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Delia and I were zoology students who had come to Africa to start a wildlife research project. After months of searching for the right place, we found the Central Kalahari Game Reserve in Botswana. We decided it was an ideal place, so in 1974 we set up our base camp in the reserve. Much of the Central Kalahari was still unexplored because of the heat and lack of water. There were no villages near our base camp. We had to bring our water across the plains from a small town over 150 kilometers away. In an area larger than Ireland, our tiny research team of two and a few groups of native Africans were the only humans. The Kalahari was a difficult place for us to live. And it was difficult for the wild animals, too. They sometimes lived together peacefully, but often fought fiercely to survive. After having observed their way of living, we came to understand what the laws of nature really are. On the Kalahari we were just uninvited guests. It was important for us to leave the plains and the wild animals and plants as they were. (1)Where did Mark and Delia set up their base camp? (2)Why weren’t there many people living in the Central Kalahari? (3)What did they come to understand by watching the animals’ way of life? 打ち間違いをしていたらすいません。 上記の英文を和訳して、(1)(2)(3)の問題には英語で答えてもらいたいです。 お願いします。 ・・・ついでに私の以前の名前はnogarinでした。 saysheさんなら気付いてくださると思います。


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ディーリアと私は、野生生物研究プロジェクトを始めるためにアフリカに来た動物学の学生でした。数か月適切な場所を捜した後、私たちはボツワナの中央カラハリ禁猟区を見つけました。私たちは、そこが理想的な場所であると決めました、そして、1974年に、私たちはその禁猟区にベース・キャンプを設置しました。 中央カラハリの多くは、まだ暑さと水が不足しているために、未踏でした。私たちのベース・キャンプの近くには、村は一つもありませんでした。私たちは、150キロメートル以上離れた小さな町から平原を越えて水を持ってこなければなりませんでした。アイルランドより大きな地域に、2人と現地のアフリカ人の2、3のグループからなる私たちの小さい研究チームが、唯一の人間でした。 カラハリは、私たちが生きるには困難な場所でした。そして、そこは野生動物にとっても困難な場所でした。野生動物は、平和に共存する時もありますが、しばしば、生き残るために、激しく戦いました。動物たちの生きる様子を観察した後、私たちは、自然の法則が本当に何であるかを理解するようになりました。カラハリでは、私たちは、全く招かれざる客でした。平原と野生の動植物をそのままにしておくことが私たちにとって重要でした。 (1) They set it up in the Central Kalahari Game Reserve in Botswana. (2) Because it was so hot and water was scarce in the Central Kalahari. (3) They came to understand what the laws of nature really are. (And they found how important it was to leave the plains and the wild animals and plants as they were.) *** nogarin さんが、yankie さんですか、覚える様にします。 昨日、この文の前の部分 http://okwave.jp/qa/q6671927.html をSPS700さんともうお一人が訳しておられますが、SPS700さんは、私などより数段力のある方です。あまり補足で厳しいコメントをされるのはどうかと思いました。 質問者さんが、厳しいコメントを回答者にすることが許されるのは、悪意を感じる説教や翻訳機からそのままの貼り付けをしている場合などに限られるのではないかと思っています。 もし、回答に間違いがあっても、このサイトは善意の回答者の集まりであって、プロの回答者の集まりではありませんから、許容範囲だと思っています。 私は、SPS700さんの、英訳を特にすごいと思って勉強させてもらっているのです。もっと難しく英訳する力がありそうなのに難しい表現を控えて英訳されているように思えるからです。 また、時々、SPS700さんの、文法問題の書き換えなどで、日本の、文法の正解と少し違うのではと思えるものがありますが、それは、SPS700さんが、アメリカの大学院を出られてから、日本での年数を超えるほど長くアメリカで暮らされているからだと思っています。 SPS700さんの経歴は、このサイトで回答しているうちに私が知ったもので、本当かどうかは保証できませんが、私は、本当だと思っています。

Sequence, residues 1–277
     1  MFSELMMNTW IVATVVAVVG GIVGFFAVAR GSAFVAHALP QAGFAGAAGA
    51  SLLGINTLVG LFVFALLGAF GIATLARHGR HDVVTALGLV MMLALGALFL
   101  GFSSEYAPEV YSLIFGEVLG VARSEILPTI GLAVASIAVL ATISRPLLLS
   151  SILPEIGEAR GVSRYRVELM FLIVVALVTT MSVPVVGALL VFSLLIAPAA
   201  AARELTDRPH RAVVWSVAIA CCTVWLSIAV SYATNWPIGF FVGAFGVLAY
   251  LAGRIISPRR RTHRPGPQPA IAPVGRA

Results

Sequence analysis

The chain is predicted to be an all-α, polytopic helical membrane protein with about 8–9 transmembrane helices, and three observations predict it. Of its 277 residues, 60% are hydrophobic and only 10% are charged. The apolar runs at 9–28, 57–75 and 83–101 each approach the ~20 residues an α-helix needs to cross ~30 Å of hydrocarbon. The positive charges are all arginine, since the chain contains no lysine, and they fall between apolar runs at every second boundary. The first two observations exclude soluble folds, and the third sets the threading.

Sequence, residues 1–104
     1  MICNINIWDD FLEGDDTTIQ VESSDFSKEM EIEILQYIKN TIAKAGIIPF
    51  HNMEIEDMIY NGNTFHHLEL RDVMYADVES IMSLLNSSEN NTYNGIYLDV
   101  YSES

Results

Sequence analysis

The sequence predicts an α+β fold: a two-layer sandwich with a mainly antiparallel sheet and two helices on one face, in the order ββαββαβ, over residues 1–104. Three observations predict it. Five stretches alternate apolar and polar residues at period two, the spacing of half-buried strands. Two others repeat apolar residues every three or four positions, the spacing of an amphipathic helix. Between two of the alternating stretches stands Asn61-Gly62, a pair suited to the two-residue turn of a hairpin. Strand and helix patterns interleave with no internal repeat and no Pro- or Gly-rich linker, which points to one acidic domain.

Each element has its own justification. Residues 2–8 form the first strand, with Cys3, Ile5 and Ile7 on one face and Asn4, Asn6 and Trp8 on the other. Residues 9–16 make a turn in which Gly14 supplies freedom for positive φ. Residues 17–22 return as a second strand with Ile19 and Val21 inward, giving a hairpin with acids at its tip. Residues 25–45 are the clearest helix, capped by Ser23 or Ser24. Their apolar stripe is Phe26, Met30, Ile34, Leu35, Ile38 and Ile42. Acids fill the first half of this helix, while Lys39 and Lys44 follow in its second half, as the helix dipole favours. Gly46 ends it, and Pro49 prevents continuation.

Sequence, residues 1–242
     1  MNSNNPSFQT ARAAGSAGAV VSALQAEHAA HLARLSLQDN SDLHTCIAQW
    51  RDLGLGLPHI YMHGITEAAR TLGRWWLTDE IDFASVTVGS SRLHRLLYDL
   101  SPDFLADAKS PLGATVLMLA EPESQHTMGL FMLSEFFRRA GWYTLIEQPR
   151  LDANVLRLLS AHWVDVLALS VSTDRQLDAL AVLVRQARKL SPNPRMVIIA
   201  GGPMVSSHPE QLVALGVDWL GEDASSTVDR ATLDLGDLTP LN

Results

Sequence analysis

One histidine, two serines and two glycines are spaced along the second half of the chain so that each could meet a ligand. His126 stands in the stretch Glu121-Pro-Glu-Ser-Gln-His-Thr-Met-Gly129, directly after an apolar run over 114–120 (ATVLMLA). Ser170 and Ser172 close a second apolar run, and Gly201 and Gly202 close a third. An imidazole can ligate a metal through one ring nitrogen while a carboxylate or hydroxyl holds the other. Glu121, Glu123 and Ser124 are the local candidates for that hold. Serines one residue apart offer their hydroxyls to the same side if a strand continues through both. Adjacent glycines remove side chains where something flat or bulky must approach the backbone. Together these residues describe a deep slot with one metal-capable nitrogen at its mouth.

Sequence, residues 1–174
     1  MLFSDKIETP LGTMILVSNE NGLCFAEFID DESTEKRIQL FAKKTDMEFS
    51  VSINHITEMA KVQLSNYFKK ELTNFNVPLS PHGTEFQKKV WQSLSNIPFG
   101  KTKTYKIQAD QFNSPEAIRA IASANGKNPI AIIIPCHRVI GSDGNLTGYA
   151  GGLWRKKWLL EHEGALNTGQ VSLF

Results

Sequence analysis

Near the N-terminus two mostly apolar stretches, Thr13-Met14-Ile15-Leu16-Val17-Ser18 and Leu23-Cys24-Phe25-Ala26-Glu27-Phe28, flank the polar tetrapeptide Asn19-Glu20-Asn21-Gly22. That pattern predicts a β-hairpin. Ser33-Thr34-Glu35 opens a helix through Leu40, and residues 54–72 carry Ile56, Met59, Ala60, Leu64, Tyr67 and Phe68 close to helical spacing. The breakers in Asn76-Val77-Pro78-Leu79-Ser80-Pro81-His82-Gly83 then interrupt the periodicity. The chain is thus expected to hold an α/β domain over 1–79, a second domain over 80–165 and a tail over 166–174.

回答ありがとうございます。 これから気を付けたいと思います。 ただ以前質問したときに、全部回答が間違っていたことに腹がたち、 また今回も曖昧な回答であったために、きつい言葉でコメントをしてしまいました。 指摘していただいてありがたいです。


  • この訳あってますか?

    どなたかご協力お願いします! いちおう自分でもやってみましたが・・ What was most important for us to do, we learned , was to leave the plains and wild animals as they were. 「私たちにとって、するべき最も重要なことは、草原や野生動物をそのままにしておくことだと学んだ。」 これでいいんでしょうか? we learned , は挿入節ですよね、 これをどこに入れるか迷ったんです。 ご意見よろしくお願いします。

  • 和訳を願いたいです

    In our sixth year on the Kalahari, the rainy season didn't come. Many animals wandered toward the edge of the Game Reserve to look for water. We worried about them. There was a danger of them being killed by hunters outside the reserve. We hadn't seen any lions around our base camp for quite some time. Bones' visiting us unexpectedly one day surprised us. It was great to see him. "Good morning, Mr. Bones," I said. I noticed he still had his ear tag,"001." After playing around the camp and visiting the kitchen for a drink of water, he walked off into the plains. Two months passed and there was still no rain. We hadn't seen Bones during this time. We wondered if Bones was all right. Finally, we decided to search for him. As we approached the edge of the reserve, a friend's voice came over our radio. He was calling from a town outside the reserve. "Mark, Delia, this is Doug. Are you there?" "Yes, Doug, this is Mark. How are you?" "Fine, but I have some bad news for you. Some hunters shot a lions today. He's got one of your tags." "What's...the number, Doug?" "It's 001." (1)Why did Mark and Delia worry when the animals wondered toward the edge of the reserve? (2)How many months had passed before they decided to look for Bones? (3)What happened to Bones in the end? お願いします

  • 和訳してくださいm(_ _)m4

    Another group involved in mammoth research was an international team headed by Dr. Goto Kazufumi. There were 33 scientists on this team. They were Japanese, Russian, and British. In August 1997, they went on their first expedition to look for a mammoth. At that time, they were only able to find mammoth bones. They said, "If there were also piece of skin, we could get some mammoth DNA." In August 1999, Dr. Goto tried again to find a mammoth with a second team made up of 26 Japanese and Russian scientists. This time they found a piece of mammoth skin, but it was not in good enough condition to use the DNA. The Japanese project is now led by Dr. Iritani Akira, and they keep trying to find mammoths. In 2002, they found another frozen mammoth in Siberia. A piece of flesh taken from it was brought to Japan in July 2003. its DNA was also not well preserved, but the team didn't give up the project.

  • 英語の和訳お願いします。